Coffee at Home
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Miss Maud Perth Catering, Restaurant, Hotel, Cafe

Coffee at Home

There is no single right way to make coffee as each of us may prefer one way to another. All methods for making coffee should have the base principles of using hot water to extract the natural essential oils from the bean that gives coffee its wonderful aroma and flavour.

The 4 most popular home coffee brewing equipment/machines are:


Espresso Machine: When selecting a machine for home, look for one that will drive the water through the coffee with the aid of a good pump, compared to a steam driven machine. 

Stove Top (Moka Coffeepot): The moka coffeepot consists of three inter-connected parts: at the bottom is a container in which water is brought to the boil, in the middle the metal filter which contains the finely ground coffee, and on the top the container used to serve the coffee. The water passes through the coffee because of the pressure caused by steam. The water remains in contact with the coffee for approximately 1 minute. The resulting beverage is strongly flavoured, quite full-bodied and has an intense aroma. About 6g of medium-dark roasted coffee are normally used per cup and each cup contains between 40-50ml.  

French Press or Plunger: Coarse grind. This is perhaps the easiest home brewing equipment and the most highly recommended. Hot water is poured over the freshly ground coffee and allowed to steep or brew for approximately 5 minutes. The steel mesh filter is then gently plunged to the bottom, separating the delicious coffee flavor from the grounds.

Never pour boiling water directly onto your ground coffee as it will burn the bean. Allow the water to cool for 1-2 minutes, allowing it to cool to about 95 degrees celsius. 

Drip Filter: Set for Medium grind. Hot water is poured by the machine into a cone shaped filter that holds the medium ground coffee. The hot water slowly filters through the ground coffee into the coffee jug below. The final product can be of a high quality.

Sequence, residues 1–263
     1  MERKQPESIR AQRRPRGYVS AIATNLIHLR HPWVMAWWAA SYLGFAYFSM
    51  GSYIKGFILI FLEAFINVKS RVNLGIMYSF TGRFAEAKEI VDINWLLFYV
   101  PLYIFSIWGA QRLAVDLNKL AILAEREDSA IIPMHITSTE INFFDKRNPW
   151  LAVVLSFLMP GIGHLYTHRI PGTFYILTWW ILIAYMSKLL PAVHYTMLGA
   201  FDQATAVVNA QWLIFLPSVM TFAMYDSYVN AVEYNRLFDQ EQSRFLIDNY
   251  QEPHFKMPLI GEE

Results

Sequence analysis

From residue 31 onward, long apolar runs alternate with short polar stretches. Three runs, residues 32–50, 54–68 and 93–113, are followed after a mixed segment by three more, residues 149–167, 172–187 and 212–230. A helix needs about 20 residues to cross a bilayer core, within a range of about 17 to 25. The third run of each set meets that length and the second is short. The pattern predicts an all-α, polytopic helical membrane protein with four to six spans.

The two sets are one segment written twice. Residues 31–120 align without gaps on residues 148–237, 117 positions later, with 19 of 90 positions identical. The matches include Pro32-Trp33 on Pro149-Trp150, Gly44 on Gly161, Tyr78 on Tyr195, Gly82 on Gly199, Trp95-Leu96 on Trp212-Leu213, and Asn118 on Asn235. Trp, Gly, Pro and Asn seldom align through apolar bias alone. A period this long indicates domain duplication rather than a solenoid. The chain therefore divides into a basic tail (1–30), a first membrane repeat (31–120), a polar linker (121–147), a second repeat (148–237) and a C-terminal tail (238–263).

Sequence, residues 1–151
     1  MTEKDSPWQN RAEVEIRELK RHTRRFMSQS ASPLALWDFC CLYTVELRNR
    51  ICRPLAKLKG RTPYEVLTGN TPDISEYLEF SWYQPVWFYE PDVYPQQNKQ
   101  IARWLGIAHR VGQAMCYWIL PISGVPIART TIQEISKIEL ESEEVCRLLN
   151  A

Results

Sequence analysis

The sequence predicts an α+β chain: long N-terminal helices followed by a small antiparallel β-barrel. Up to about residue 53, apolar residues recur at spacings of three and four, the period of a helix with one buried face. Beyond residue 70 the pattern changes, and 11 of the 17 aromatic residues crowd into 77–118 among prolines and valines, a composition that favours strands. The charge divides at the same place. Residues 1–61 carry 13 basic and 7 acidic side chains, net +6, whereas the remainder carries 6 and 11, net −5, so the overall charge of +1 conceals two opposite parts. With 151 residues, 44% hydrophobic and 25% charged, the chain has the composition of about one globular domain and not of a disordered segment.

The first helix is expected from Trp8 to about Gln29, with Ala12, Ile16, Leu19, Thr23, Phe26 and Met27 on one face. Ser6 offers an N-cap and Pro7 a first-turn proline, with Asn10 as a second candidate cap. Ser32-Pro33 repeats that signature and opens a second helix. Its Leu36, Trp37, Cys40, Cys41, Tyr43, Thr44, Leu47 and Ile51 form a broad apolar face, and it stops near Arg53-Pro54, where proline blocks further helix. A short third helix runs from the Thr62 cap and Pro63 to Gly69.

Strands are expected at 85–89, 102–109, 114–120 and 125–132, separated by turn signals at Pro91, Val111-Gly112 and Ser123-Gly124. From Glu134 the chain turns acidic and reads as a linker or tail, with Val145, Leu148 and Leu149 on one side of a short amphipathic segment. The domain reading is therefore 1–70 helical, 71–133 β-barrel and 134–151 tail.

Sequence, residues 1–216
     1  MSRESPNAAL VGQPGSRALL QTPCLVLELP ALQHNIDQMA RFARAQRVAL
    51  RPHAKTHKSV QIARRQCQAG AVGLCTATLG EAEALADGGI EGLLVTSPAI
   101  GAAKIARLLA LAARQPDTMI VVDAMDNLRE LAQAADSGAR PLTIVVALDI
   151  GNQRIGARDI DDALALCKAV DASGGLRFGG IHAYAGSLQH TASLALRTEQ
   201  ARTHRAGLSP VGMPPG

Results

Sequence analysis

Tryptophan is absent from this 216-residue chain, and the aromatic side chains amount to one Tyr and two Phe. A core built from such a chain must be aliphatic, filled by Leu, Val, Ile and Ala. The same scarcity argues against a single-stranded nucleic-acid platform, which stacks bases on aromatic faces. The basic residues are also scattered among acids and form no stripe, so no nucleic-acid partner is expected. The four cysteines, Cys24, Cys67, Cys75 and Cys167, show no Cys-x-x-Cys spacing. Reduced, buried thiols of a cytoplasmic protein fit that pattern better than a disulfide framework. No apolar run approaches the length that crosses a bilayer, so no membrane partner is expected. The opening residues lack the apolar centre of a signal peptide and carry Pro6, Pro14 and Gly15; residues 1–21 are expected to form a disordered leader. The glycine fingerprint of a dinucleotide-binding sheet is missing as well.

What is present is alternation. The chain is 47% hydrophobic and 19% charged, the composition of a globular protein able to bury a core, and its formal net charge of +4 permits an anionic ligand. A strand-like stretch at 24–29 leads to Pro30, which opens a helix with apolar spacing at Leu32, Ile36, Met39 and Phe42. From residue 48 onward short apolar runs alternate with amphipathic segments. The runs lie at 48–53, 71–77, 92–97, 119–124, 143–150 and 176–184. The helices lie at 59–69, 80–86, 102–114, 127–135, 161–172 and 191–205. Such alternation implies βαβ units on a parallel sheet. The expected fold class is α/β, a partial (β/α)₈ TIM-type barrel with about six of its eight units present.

The complete drip cycle should occur within four to six minutes. If the drip cycle is completed in less than four minutes, grind your coffee finer. If the cycle takes longer than six minutes, grind your coffee coarser.

The key to the proper espresso grind is the extraction time. After the proper dose and tamp, one ounce of espresso should be extracted in approximately 25 to 30 seconds. 




Clean Water

Coffee is made up of over 98% water, so if your water tastes good straight, it will likely make a good coffee. As a result, the best cups of coffee are made with filtered tap water or bottled water. Good quality water will be

  1. Free from sediment, dirt and rust.
  2. Low in chlorine.
  3. Free of tastes and odours.
  4. Not excessively hard. Hard water has excessive calcium and magnesium which causes scale build up and affects the performance of the machine.

Water filters fitted to espresso coffee machines should filter all of these unwanted deposits.

Water Temperature

The correct temperature for hot water from an espresso machine group head is 90 - 95 degrees celsius. Hot water under this temperature will not extract the full oil content of the coffee and may make the espresso sour. Over 95 degrees will burn the coffee oils.

Perfect temperature may feature some dark brown streaking on the top of the crema or tiger mottle, usually a deep reddish brown.


At Miss Maud, the bean that we sell our customers for home use is exactly the same superior blend that we use in all Miss Maud outlets. This blend is suitable for using in all home brewing machines, provided the grind is set to match the coffee machine.

How Much Coffee?

A standard measure of ground coffee, for a standard 'cup' of coffee is 10 grams or 0.36 ounces (roughly 2 tablespoons).

Coffee Storage

After being ground, the quality of the coffee diminishes rapidly as the oils escape. Accordingly, it is best to only grind what is needed for the next couple of days.

Ground Coffee is BEST USED immediately but can be used up to 2 weeks later if it is stored correctly.

One of the worst enemies of coffee is deterioration over time. This is because the oil in coffee becomes rancid and volatile components of the aroma are lost or altered. The main cause is direct oxidation caused by contact with the air. Ground coffee deteriorates even quicker because a larger surface is in contact with the air.

We recommend storing coffee in a cool dark place in an airtight container. The ground coffee should be kept away from heat, sunlight and moisture as these variables will quickly destroy the flavor and freshness of the coffee.

Never store your coffee in the refrigerator as coffee will absorb flavours and aromas from other food products in your refrigerator.

Clean Your Coffee Machine Regularly

Approximately once a week, all equipment that can be submerged in water should be cleaned with water and detergent and then thoroughly rinsed off. Coffee oils will cling to all surfaces they come into contact with and cannot be cleaned adequately with water alone. Carafes should be well rinsed after each brewing session.


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